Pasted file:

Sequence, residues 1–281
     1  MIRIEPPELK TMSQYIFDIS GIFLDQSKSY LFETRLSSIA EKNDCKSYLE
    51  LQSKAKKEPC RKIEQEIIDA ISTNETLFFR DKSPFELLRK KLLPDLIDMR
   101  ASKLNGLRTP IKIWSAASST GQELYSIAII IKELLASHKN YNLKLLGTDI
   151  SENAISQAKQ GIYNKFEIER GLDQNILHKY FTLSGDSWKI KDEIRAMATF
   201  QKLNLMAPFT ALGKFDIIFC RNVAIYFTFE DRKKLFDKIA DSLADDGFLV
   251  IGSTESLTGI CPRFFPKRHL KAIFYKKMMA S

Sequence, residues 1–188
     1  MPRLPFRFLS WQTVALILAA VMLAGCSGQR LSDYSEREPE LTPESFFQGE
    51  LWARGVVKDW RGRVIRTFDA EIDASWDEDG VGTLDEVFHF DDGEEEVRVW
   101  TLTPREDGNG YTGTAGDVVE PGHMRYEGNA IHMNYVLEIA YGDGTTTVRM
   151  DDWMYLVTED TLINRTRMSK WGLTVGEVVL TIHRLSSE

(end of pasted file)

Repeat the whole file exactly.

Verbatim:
Sequence, residues 1–281
     1  MIRIEPPELK TMSQYIFDIS GIFLDQSKSY LFETRLSSIA EKNDCKSYLE
    51  LQSKAKKEPC RKIEQEIIDA ISTNETLFFR DKSPFELLRK KLLPDLIDMR
   101  ASKLNGLRTP IKIWSAASST GQELYSIAII IKELLASHKN YNLKLLGTDI
   151  SENAISQAKQ GIYNKFEIER GLDQNILHKY FTLSGDSWKI KDEIRAMATF
   201  QKLNLMAPFT ALGKFDIIFC RNVAIYFTFE DRKKLFDKIA DSLADDGFLV
   251  IGSTESLTGI CPRFFPKRHL KAIFYKKMMA S

Sequence, residues 1–188
     1  MPRLPFRFLS WQTVALILAA VMLAGCSGQR LSDYSEREPE LTPESFFQGE
    51  LWARGVVKDW RGRVIRTFDA EIDASWDEDG VGTLDEVFHF DDGEEEVRVW
   101  TLTPREDGNG YTGTAGDVVE PGHMRYEGNA IHMNYVLEIA YGDGTTTVRM
   151  DDWMYLVTED TLINRTRMSK WGLTVGEVVL TIHRLSSE